In today’s increasingly regulated transportation environment, carriers moving specialized and heavy haul loads across state lines face challenges from multiple fronts. They must comply with varying sets of requirements in each state, ensure safety for their drivers and the motoring public, and contend with opportunistic local, state and federal agencies seeking to cash in on permit violations.
Many shippers do not have the resources to keep in touch with regulatory requirements across all states. They also may not have the breadth of equipment and resources to comply with those requirements. Most important, they don’t have the bandwidth to build and maintain relationships to help facilitate successful heavy haul deliveries.
That’s why it’s important for shippers with heavy loads to find and partner with carriers who do have those resources.
Here are four ways that carriers with regulatory relationships can help shippers:
1) Make informed decisions based on knowledge and information obtained from memberships in key transportation organizations. These carriers have the resources to become members of trade associations, such as the American Association of State Highway and Transportation Officials (AASHTO) or the Specialized Carriers & Rigging Association (SC&RA). They designate leaders to attend conferences and meetings, sit on committees and boards, and lead initiatives. The point is that carriers who participate in these discussions have privy in real time to what’s going on and can inform their permit specialists and dispatchers who are on the front lines making sure safety standards are being met.
2) Overcome challenges and problems through key regulatory relationships and contacts. Part of how carriers are able to be successful in securing permits is through their relationships with state DOT officials that they have developed via their participation in these types of gatherings. These carriers allow their leaders to travel and take time away from work to attend important meetings where they network, collect phone numbers and get to know DOT and transportation officials personally. It’s about working together to achieve better conditions for all involved.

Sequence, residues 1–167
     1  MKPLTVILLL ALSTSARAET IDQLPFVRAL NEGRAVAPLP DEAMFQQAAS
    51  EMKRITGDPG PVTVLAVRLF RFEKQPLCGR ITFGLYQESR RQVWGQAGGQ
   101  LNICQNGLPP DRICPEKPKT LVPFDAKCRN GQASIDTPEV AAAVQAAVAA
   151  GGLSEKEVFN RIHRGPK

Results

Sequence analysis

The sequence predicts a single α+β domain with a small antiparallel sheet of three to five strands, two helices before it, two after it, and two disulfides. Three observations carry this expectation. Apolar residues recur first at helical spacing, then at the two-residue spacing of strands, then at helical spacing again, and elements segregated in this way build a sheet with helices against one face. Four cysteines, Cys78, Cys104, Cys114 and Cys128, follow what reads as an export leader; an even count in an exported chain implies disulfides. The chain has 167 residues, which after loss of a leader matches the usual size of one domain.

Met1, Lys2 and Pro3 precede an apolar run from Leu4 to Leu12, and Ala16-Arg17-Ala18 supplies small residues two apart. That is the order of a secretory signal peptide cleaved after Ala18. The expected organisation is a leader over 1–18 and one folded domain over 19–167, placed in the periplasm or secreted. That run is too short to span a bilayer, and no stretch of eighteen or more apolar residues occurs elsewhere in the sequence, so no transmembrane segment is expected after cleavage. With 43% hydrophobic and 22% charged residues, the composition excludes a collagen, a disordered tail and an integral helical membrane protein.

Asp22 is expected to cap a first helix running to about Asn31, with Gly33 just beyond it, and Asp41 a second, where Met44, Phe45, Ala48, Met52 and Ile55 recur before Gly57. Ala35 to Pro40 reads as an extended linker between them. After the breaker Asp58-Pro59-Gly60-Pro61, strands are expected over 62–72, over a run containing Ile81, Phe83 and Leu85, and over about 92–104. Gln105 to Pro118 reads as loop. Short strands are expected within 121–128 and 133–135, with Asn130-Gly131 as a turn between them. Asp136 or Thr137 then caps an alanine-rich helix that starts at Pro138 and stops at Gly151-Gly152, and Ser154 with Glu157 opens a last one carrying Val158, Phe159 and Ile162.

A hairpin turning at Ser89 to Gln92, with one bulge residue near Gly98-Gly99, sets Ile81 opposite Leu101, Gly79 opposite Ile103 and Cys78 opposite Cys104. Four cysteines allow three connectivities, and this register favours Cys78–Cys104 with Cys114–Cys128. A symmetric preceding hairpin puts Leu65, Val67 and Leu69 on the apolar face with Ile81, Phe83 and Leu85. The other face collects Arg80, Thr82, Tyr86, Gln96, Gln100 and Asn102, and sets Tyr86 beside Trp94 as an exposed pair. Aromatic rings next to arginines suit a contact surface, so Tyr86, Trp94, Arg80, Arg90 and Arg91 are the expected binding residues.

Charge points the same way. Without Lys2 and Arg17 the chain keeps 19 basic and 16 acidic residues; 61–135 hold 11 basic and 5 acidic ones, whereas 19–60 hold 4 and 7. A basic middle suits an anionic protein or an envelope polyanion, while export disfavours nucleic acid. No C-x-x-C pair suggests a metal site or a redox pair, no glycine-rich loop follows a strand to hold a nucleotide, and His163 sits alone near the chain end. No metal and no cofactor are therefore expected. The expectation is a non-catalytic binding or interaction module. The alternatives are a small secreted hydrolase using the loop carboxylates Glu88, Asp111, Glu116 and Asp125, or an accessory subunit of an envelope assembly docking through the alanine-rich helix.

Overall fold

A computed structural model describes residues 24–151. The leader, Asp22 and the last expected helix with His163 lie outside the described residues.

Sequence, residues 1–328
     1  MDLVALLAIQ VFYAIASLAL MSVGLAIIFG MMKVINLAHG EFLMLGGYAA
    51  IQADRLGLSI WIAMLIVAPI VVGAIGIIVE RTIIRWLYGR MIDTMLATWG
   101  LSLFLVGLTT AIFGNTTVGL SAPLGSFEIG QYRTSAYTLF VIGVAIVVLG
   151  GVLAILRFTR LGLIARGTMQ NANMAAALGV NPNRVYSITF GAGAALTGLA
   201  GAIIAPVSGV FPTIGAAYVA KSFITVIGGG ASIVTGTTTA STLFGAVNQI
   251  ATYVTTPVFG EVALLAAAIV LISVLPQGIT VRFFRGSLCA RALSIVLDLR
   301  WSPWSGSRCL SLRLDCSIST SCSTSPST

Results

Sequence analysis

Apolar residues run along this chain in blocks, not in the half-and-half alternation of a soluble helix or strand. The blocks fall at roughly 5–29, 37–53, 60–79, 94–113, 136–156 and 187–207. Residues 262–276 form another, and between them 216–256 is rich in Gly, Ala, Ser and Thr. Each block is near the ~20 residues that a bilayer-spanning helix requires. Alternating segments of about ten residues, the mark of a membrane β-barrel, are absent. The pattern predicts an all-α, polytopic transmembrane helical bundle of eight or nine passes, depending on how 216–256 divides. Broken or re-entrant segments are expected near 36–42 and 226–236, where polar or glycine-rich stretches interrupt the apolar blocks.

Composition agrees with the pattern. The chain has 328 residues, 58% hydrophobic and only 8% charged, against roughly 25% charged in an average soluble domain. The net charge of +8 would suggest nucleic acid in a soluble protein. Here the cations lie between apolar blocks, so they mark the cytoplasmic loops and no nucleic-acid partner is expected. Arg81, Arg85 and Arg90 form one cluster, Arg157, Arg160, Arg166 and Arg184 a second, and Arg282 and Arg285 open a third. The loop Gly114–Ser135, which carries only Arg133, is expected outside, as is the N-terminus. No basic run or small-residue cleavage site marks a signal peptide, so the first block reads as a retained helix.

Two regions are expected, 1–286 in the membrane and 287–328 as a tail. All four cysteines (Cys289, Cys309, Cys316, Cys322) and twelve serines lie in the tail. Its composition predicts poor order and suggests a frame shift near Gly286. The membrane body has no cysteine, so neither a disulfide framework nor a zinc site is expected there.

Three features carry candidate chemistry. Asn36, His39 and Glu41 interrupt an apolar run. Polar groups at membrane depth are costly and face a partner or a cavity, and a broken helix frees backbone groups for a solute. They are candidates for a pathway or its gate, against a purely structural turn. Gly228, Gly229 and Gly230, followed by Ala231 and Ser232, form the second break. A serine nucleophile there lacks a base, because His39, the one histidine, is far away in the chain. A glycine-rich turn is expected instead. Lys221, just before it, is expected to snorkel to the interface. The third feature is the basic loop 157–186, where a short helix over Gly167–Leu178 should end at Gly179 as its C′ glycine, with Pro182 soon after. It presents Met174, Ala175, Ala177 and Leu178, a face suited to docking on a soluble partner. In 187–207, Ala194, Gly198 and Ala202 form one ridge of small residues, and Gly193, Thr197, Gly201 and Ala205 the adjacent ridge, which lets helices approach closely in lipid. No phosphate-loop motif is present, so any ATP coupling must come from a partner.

3) Coordinate and deliver complex loads across multiple states with less challenges. Coordinating multiple permits for mega loads can take days and even weeks of planning. Meeting customer expectations may prove difficult if carriers are not aware of the processes for each state and how long it will take to obtain various permits. For instance, one state may require more axles on a trailer than other states. If a carrier is not aware of these differences, they could end up stranded in a state with a truckload they cannot move because they do not have the proper permit. Carriers with regulatory relationships can facilitate the process more quickly and efficiently, thereby ensuring successful deliveries.
4) Coordinate teams of engineers and experts to study roads and bridges to determine best routes. Some states require this process before they will grant a permit. Bridges are rated to accept a maximum amount of weight, but the rating decreases through the years, and a load near the maximum weight may need to be rerouted in those cases. These evaluations can take time and sometimes months to coordinate ahead of time to ensure timely and safe delivery. Again, having contacts in the right place can move the process along more smoothly.
It’s all about Relationship-Building
This relationship-building is part of the behind-the-scenes activity that resourceful carriers must invest time and resources in to be able to deliver seamless transportation and logistics services that lead to satisfying customer experiences. Many customers have no idea what is really involved with getting a specialized item from Point A to Point B. They just want to see results. Relationship-building is an essential ingredient to that success.
About the Author
Jay Folladori is president of Bennett International Group’s largest division, Bennett Motor Express, a leading provider of global transportation and logistics solutions. Jay contributes decades of industry experience to various transportation organizations, such as the Specialized Carriers & Riggers Association, where he is a member of the Transportation Governing Committee and the Board of Directors. Past positions include co-chairman of the Transportation Logistics Working Group for the American Wind Energy Association in 2012 and president of the Jacksonville, Fla., chapter of the National Defense Transportation Association from 1994 to 2004.
Prior to coming to Bennett in 2015, Jay held a number of vice president positions at Landstar Transportation Logistics beginning in 1992. In 2012, he was awarded the Landstar Management Achievement Award. Before Landstar, he held leadership positions with Eck Miller Transportation for nearly 15 years. He earned in bachelor’s degree in history with a minor in political science at the University of Arkansas, Fayetteville, and is married with two grown children.